As told to Thora Siemsen, 2285 words.
Tags: Fashion, Art, Inspiration, Beginnings, Identity, Success.
Amanda Lepore on becoming what you want to be
What did you want do for work when you grew up, and what are ways that childhood informed what you did anyway?
When I was growing up I wanted to be a nurse, because I thought the outfits were cute. Then later on, because I had so many problems [and] I liked listening to people, so I thought about being a psychologist.
How do you think that informed what you do for work now?
It’s very far away from all that. I don’t know, I just went with the cards that were given me, and here I am. I ended up being an entertainer.
What was your first year living in New York like?
It was hard, because I had just left my husband and was basically supported by him. Everything was a lot of money. That was really hard to figure out where I was gonna get money to survive. But then there was fun too. There were parties. It was exciting to go to dinners, and there was always something going on. It wasn’t like New Jersey.
What would you want Amanda during that time not to worry about so much?
My hair breaking from bleaching. That was a big worry, because I liked really super platinum, and it would always break every two years or so. I wish there was Olaplex or something that they have now, so I wouldn’t have to worry about that.
You’ve said, “Through all the insanity in my life, there was only one thing I could control: myself, on the outside obviously, but on the inside, too.” To survive in this business so long, you’ve had to stay healthy and take care of yourself. What are some ways that you do that?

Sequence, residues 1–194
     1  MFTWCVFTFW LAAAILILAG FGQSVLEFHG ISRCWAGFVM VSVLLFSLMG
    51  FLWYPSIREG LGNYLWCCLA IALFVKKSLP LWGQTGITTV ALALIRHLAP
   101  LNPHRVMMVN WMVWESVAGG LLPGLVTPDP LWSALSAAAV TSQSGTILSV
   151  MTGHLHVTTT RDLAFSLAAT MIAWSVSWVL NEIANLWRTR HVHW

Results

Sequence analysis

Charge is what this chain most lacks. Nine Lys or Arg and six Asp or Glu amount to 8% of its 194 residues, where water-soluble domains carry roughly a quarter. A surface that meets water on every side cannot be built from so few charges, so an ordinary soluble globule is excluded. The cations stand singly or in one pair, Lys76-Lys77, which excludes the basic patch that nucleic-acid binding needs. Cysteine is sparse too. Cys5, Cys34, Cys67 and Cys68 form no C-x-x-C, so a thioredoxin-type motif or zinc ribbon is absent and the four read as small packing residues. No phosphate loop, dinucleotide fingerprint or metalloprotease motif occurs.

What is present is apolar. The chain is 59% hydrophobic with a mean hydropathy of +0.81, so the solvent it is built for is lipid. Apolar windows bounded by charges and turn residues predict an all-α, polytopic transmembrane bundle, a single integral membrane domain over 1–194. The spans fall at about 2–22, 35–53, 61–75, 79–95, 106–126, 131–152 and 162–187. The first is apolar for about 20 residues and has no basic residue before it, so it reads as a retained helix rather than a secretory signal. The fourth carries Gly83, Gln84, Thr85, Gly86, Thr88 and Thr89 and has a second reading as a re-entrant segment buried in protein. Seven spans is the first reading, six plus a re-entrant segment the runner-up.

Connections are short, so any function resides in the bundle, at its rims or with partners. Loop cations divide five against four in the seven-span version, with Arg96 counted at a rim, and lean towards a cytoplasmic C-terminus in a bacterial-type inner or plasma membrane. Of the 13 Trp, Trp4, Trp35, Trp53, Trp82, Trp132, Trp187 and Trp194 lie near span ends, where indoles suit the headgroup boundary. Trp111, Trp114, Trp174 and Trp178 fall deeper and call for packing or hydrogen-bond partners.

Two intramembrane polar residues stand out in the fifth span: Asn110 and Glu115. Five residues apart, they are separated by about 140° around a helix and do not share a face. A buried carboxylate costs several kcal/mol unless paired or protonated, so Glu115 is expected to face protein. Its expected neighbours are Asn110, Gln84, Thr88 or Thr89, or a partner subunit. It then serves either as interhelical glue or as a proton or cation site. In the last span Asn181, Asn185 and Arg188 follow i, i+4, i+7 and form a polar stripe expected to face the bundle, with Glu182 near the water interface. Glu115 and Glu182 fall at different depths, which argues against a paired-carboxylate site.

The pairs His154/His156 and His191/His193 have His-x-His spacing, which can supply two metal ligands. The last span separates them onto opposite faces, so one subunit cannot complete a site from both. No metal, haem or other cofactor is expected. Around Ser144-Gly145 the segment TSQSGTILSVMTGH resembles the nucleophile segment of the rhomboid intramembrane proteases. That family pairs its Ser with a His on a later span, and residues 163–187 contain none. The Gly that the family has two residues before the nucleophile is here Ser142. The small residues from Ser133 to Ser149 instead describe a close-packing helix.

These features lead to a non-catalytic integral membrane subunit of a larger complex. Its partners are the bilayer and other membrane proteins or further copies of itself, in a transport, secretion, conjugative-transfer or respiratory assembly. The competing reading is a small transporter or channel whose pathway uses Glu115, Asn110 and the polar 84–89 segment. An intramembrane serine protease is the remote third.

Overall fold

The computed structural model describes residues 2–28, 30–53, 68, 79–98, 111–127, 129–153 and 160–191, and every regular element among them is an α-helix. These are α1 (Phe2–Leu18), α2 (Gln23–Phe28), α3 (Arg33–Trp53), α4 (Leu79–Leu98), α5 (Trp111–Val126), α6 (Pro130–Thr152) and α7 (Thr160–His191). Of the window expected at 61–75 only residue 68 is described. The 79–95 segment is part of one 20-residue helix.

I definitely do yoga. I only have one or two drinks. Everything is in moderation. I take vitamins. I make sure that I sleep well. I take really good care of my skin. I wake up happy all the time, so that’s really fortunate. I just love taking care of myself. I guess I’ve always been like that. I think it’s important. You are your mind, really. I’m a product of mind over matter—becoming what I want to be in my mind.
In your book, Doll Parts, you write about flying to Milan for the Armani show, and having the Italian press be voyeuristic towards you. They wrote, “La Silicona at Armani,” and you write, “That was the best day of my life.” You’ve made embracing the sensationalism into sort of a weaponized thing; that doesn’t work for everyone, but that’s also about being in control, right?
I think that it was like being a movie star without doing anything. You can live that glamorous moment. I love escape and fantasy. I think that’s why I do nightclubs. That’s why I look the way I do—because I didn’t really like basic life. I wasn’t welcomed. I made my own level and environment, and that was part of it. You are somebody. People are taking your picture. They’re interested, so it kind of verified that, “Oh yeah, you’re a model.”
Who working in fashion in 2017 excites you?